Reading time ( words)
The smart factory is starting to become a reality, as part of the overarching Industry 4.0 paradigm. With the technology enablers, such as industrial IoT (IIoT) and cloud computing, electronics manufacturing operational technology (OT) are on a converging course with traditional information technology (IT). Beyond the challenges of data acquisition and transformation, the true “proof in the pudding” is in the quick ROI from advanced analytics. This is where domain knowledge application into data science is paramount. We will share examples of successful, profitable implementation of applied machine learning (ML) in the electronics manufacturing line, where measurement science meets data science.
Industry 4.0 is becoming a hot topic in the world today. The first industrial revolution saw mechanization through water and steam power. The second industrial revolution introduced the ability to mass produce products using electricity.
It was almost a century before the third industrial revolution where computers became cost-effective and powerful enough to be adopted in the factories. Through the unprecedented processing and computational speed available then, the factory could automate more processes and provide better feedback on their processes.
Data has started to become the currency of productivity. Supply chain, commodity, customer relationships, quality, and production management could be harmonized on an enterprise-wide platform that empowered companies to optimize costs of manufacturing, reduce inventory, ship quicker, and improve quality.
Fast forward to today and the internet of things (IoT), believed by many industry experts to be the key driver of the next industrial revolution. The concept simply implies that machines will be intelligent enough to communicate and automate processes between themselves with minimal human intervention, creating a self-monitoring and self-sustaining internet of machines, for machines.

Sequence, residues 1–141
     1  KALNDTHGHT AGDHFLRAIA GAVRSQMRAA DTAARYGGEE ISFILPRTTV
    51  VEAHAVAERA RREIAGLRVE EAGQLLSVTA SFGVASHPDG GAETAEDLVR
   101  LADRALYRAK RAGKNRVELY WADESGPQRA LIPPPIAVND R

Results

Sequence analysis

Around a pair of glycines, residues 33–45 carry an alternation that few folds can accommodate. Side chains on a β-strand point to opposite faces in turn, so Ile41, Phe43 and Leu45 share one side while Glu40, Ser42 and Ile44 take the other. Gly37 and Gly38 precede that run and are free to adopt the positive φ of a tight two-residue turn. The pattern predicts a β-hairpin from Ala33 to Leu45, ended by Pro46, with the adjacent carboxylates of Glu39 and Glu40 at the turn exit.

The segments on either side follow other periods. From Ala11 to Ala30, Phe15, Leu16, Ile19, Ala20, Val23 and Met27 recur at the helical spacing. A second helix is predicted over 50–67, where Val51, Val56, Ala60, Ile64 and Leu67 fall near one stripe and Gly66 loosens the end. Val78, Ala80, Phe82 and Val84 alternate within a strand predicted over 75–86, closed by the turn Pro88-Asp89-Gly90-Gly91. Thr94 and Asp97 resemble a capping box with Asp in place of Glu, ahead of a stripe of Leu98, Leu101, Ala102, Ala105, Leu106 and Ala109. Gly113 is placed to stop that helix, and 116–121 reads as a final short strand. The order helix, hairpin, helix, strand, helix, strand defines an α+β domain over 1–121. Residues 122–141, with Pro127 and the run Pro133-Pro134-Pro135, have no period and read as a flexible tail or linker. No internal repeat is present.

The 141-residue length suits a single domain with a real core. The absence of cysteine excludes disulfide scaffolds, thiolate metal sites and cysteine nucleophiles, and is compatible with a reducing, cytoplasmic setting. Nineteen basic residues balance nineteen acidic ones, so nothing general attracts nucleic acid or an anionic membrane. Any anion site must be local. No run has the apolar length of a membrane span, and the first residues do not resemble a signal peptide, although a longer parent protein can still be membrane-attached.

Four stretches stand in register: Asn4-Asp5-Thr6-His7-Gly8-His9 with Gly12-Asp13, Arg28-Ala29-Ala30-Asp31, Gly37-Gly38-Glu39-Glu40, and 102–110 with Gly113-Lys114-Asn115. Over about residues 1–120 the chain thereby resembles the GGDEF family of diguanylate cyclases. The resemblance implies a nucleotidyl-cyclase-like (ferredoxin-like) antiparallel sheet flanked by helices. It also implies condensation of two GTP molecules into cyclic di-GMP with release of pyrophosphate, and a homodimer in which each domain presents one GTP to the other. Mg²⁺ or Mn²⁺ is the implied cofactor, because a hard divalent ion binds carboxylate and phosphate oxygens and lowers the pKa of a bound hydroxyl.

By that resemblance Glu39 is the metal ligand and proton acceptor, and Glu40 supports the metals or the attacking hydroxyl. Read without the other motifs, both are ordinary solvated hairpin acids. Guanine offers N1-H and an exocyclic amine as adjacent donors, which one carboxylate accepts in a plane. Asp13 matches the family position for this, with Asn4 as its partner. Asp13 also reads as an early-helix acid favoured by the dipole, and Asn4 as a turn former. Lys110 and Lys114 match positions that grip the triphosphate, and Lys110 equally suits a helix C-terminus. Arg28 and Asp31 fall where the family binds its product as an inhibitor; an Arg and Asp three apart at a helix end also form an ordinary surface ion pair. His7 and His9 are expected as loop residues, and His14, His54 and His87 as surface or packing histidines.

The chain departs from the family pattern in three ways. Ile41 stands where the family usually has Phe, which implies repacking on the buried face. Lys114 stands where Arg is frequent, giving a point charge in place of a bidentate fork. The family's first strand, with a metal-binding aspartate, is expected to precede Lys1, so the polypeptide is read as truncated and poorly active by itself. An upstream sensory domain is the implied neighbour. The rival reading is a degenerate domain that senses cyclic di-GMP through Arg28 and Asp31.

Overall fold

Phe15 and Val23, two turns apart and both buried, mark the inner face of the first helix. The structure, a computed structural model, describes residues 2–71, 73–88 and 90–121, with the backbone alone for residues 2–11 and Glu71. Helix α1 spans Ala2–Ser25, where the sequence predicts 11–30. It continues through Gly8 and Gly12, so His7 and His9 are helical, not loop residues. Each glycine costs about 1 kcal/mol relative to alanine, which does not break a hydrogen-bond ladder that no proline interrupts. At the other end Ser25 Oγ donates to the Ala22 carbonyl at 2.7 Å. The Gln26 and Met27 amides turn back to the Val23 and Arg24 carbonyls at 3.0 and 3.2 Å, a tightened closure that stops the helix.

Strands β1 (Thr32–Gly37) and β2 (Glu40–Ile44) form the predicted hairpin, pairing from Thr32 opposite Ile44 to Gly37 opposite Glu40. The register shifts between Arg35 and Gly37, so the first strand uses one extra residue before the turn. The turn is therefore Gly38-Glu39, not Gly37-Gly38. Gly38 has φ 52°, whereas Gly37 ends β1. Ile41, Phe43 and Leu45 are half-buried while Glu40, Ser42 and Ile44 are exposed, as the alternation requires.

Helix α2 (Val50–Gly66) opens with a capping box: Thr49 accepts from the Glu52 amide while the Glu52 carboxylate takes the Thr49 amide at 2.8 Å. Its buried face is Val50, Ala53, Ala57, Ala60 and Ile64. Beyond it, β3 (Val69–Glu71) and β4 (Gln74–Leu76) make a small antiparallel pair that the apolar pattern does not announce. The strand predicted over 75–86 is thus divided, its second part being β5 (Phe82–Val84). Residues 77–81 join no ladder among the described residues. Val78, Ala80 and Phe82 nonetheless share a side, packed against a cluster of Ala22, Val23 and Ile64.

The Hype of Smart Factory
Industry 4.0 is a very wide paradigm that consists of many seemingly technological miracles. A lot of excitement and marketing have been made on big data, artificial intelligence (AI), augmented reality, additive manufacturing, robotics, and autonomous machines. However, one needs to appreciate that many of the core fundamentals for these technologies were developed decades ago. For example, AI goes as far back as 1956  and has been refined over the years. Nevertheless, it is believed that the implementation phase of these technology enablers truly begins now, as we have achieved the beginning of the right performance and cost of electrical, electronics, and wireless components that makes it all feasible and practical.
To read this entire article, which appeared in the August 2020 issue of SMT007 Magazine, click here.